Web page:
Or it may have been mainly the influence of the crystal ball. Bill Martin, in his note on Monday, referred to that accessory at the former rink at the Fairgrounds, but it was also very much the center of the life of the new rink. Though used only for the "last skate," which was intended as especially romatic and the climax of the evening, once you had skated through the darkened room with only swirling beams of light to guide your progress, any skating thereafter was elevated. Teen record hops didn't have crystal balls, though the disco dances I experienced after my divorce did, along with "multimedia" presentations of beautiful scenes on screens suspended from the ceiling.

William Martin sent the postcard below to us all on Monday. I'm reproducing it here in much reduced size both for the benefit of Home Page readers who aren't subscribers to the list, and because varied monitors render graphics in various qualities, hoping the reduced version works better for at least some seeing it here.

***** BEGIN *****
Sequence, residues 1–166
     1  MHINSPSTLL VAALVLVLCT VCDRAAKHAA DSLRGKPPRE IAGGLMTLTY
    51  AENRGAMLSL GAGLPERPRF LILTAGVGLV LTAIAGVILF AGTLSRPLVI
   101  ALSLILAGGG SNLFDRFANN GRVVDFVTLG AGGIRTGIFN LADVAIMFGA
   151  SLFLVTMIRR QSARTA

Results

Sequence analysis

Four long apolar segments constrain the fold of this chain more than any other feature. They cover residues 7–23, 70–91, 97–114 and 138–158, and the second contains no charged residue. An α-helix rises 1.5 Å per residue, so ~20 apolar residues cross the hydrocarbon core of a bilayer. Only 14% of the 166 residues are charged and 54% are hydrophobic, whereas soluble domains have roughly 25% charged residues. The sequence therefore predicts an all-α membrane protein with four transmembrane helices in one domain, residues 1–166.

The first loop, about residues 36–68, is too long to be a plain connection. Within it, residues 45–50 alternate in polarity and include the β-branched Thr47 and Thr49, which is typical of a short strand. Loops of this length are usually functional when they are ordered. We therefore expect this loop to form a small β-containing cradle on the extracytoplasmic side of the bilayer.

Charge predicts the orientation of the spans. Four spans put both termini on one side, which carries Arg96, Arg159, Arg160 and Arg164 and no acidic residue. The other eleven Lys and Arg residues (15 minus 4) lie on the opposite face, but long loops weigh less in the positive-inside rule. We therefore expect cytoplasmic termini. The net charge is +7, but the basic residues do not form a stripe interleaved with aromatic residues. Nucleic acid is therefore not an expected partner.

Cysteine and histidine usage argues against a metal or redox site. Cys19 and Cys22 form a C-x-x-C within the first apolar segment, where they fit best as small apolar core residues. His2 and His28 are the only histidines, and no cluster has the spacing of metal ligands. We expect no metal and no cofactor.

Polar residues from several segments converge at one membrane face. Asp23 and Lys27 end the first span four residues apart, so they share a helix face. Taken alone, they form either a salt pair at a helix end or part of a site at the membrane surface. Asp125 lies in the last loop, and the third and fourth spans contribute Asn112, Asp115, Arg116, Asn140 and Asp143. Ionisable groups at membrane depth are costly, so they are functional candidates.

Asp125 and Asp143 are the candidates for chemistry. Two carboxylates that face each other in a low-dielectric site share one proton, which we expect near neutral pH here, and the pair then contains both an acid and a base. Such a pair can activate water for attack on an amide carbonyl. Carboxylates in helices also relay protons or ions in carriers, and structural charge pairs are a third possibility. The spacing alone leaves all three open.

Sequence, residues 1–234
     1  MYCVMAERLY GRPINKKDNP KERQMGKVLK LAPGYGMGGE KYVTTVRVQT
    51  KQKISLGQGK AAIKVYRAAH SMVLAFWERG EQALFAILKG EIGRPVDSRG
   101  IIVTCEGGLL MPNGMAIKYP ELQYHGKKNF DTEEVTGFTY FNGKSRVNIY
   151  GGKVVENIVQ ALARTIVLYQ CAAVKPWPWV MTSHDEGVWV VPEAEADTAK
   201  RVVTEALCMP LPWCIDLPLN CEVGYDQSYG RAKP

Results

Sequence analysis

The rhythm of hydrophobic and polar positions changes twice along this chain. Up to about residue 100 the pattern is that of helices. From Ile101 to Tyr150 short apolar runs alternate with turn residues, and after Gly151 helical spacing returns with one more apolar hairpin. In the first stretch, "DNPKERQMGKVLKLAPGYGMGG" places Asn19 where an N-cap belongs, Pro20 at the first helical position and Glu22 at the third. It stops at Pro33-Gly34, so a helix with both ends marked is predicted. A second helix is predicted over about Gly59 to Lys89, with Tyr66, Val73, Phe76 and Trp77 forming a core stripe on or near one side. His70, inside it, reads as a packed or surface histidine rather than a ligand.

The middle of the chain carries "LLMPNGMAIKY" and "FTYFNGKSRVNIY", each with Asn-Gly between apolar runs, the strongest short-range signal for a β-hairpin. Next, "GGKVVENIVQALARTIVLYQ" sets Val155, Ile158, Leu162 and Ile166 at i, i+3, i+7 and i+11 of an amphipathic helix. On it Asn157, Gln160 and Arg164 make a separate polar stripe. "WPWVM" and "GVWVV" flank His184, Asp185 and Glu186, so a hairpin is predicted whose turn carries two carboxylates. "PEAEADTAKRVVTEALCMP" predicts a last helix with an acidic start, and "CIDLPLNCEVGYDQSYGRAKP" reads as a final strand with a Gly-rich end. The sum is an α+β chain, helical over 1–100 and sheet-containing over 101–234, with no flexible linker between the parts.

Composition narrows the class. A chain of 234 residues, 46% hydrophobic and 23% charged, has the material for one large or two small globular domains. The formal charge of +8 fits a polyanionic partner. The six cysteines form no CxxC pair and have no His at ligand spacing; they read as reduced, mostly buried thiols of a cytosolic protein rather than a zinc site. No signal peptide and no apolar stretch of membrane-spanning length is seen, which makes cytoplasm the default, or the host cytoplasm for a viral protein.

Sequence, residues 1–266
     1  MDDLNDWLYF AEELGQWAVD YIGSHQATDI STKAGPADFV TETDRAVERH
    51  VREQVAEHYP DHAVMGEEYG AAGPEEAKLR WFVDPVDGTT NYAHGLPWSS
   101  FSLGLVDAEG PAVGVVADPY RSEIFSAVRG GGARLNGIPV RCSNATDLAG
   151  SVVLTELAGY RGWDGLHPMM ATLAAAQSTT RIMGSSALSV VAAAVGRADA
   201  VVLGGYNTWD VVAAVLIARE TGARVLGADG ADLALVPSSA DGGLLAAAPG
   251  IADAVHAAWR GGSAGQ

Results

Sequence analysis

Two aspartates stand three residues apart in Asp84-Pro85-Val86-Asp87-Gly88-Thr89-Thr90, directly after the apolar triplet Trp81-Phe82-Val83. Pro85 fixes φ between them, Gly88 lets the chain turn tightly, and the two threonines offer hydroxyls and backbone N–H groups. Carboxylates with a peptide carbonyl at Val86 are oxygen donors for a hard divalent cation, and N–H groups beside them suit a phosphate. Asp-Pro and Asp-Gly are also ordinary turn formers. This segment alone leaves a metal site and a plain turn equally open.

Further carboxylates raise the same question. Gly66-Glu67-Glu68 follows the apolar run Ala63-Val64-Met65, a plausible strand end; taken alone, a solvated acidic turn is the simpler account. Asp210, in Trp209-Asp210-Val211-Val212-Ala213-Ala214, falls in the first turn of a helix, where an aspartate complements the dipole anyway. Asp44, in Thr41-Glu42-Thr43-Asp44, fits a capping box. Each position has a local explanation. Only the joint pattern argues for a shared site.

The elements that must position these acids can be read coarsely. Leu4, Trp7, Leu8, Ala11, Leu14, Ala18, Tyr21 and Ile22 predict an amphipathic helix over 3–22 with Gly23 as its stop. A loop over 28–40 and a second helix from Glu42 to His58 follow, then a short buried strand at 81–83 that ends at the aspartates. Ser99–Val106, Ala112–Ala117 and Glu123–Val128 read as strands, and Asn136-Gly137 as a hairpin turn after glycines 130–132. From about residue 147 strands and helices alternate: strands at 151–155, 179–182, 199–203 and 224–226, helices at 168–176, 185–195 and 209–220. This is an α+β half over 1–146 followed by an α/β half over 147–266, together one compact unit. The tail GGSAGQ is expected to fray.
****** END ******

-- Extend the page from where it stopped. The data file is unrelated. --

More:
Webmaster Jon Kennedy

Sweet innocence
As the single father of one boy in first grade and another in kindergarten, I was always looking for points of contact and ways to capture their attention and imagination. On a drive together one day I pointed out an old-style Volkswagen Beetle and said, "Look, that car looks like an upside-down Pamper." The silence that greeted me seemed to say, "Dad's lost it again." However, to my continued amusement, I noticed that for the next several years they made a game of each trying to be the first to spot Beetles and compete to claim more finds than his brother. Every time they did, either one of them would yell out, "Pamper car! "